TRY was changed from a "blank-in, null-out" meaning to use definitional errors. This allowed NULL to be both the input and the output...without risking inadvertently trapping errors from arbitrary depths. You'll really be intercepting the error emitted by the function just called:
>> first null ** Error: FIRST on NULL requires use of TRY >> try first null ; null
I mentioned something, which was that a "You need a TRY" ERROR! was actually able to carry a payload, saying what the TRY'd outcome value should be. (The only rule would be that a function emitting such an error should not have any side effects if it emits one of these errors.)
If we embrace this, it could really open the doors to what TRY means. Various constructs could offer meanings for what the TRY actually does:
>> unquote first ['abc] == abc >> unquote first [def] ** Error: Can't Unquote Plain WORD!, use TRY if Intentional >> try unquote first [def] == def
I'm sort of leaning to believing that this more general meaning of TRY may be much more interesting than the "null propagating" sense. There's kind of an explosion of potential for the "couldn't do what you asked me to do, but if that's what you meant..." outcomes.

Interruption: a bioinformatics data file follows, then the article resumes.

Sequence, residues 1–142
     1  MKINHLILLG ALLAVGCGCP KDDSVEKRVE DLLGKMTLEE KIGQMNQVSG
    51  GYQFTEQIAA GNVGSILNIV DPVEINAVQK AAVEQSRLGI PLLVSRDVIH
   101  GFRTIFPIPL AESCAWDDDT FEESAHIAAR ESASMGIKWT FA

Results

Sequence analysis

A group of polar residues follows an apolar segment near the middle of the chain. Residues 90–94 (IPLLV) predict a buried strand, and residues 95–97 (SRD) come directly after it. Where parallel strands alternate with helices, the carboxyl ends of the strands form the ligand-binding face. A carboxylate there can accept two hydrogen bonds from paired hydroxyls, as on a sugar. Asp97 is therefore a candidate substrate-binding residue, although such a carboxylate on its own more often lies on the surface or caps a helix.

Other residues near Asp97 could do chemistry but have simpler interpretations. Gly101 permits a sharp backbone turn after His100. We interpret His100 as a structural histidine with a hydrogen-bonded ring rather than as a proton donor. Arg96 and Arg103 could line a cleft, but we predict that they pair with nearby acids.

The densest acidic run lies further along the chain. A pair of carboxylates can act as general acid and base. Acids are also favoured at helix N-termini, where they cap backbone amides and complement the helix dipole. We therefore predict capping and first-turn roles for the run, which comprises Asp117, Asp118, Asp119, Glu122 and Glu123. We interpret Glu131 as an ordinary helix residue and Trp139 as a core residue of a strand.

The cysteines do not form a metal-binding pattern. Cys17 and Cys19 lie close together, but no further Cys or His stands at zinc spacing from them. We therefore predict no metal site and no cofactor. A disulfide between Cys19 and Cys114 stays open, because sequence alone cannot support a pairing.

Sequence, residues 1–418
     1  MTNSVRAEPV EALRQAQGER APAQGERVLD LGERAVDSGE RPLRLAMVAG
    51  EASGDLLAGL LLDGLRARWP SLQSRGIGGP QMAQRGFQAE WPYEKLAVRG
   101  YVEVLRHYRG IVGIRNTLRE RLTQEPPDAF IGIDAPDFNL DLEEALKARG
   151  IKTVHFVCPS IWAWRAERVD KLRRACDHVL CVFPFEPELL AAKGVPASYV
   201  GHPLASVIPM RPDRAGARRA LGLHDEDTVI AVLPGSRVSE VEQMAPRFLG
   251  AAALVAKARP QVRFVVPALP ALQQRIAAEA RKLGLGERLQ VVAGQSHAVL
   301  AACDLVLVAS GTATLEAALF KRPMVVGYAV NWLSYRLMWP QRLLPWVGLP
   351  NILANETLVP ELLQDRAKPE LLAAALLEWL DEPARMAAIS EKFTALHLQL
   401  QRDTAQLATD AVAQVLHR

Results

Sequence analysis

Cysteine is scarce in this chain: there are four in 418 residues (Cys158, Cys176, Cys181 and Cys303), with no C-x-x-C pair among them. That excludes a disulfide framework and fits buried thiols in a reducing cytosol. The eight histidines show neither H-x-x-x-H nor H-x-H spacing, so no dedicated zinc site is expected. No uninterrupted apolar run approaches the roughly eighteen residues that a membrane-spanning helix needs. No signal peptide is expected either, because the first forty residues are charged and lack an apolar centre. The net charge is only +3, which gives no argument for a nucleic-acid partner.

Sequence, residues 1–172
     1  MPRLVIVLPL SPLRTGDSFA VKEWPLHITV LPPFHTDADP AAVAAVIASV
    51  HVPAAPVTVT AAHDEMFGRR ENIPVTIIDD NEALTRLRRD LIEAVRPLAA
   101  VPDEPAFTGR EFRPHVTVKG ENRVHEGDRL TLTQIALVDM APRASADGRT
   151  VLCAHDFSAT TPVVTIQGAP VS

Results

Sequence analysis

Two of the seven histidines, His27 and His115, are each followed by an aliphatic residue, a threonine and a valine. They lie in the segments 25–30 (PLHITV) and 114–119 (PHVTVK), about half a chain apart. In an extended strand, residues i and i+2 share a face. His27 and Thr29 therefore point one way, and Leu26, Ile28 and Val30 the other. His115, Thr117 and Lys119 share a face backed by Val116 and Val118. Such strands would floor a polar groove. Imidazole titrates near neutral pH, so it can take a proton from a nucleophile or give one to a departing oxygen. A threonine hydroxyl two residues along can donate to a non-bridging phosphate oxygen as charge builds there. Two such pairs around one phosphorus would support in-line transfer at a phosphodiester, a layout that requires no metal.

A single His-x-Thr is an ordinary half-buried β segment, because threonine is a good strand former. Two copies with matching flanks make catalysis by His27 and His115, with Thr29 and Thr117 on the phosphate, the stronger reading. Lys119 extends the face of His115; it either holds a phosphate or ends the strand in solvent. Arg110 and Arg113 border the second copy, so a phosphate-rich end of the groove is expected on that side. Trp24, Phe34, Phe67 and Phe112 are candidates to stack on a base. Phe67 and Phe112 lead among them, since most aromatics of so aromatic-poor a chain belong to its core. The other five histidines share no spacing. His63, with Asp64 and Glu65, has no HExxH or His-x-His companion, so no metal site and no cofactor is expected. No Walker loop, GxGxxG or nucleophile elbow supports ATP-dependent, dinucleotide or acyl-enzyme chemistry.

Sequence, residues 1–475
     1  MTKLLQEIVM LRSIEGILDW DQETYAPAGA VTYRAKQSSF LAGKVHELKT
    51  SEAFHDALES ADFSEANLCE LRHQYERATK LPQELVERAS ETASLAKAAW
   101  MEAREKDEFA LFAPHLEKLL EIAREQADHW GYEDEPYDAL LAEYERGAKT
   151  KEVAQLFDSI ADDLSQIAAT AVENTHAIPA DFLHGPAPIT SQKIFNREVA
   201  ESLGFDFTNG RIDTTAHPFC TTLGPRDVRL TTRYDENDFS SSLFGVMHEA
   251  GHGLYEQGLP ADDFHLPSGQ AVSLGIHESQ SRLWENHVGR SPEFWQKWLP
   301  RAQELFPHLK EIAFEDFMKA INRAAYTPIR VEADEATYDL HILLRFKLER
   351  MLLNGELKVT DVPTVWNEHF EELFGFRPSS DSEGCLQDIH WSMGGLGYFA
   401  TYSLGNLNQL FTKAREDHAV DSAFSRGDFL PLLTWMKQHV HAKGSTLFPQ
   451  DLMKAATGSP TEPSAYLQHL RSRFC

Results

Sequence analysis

At one point I suggested it would be nice to be able to have a COLLECT that didn't actually KEEP anything return NULL, so it could be ELSE-reactive. That meant if you really wanted an empty block, you'd have to do something like
any [collect [...], copy ] which was ugly. But the error could hold a freshly-copied block to be the result of a TRY:
>> collect [keep if false [<not kept>]] ** Error: COLLECT didn't KEEP anything, use TRY if intended >> try collect [keep if false [<not kept>]] == 
There are various technical reasons why ELSE can't be reactive to TRY-style errors. One fairly important one would be that if you used ELSE with a branching construct, it wouldn't be able to tell the difference between a branch that had a TRY-error and no branch taken:
>> case [true [unquote first [def]]] else [print "Took branch, runs due to UNQUOTE"] Took branch, runs due to UNQUOTE ; this would be bad
But... maybe the trick could be that if you pass ELSE a function that takes an argument, it assumes that means you handle TRY-style errors? (Because otherwise it could only be void/null... why take an arg?)
>> (unquote first [def]) else arg -> [print ["TRY error" arg]] TRY error def
It's a weird thought. Anyway, just wanted to write up the TRY concept...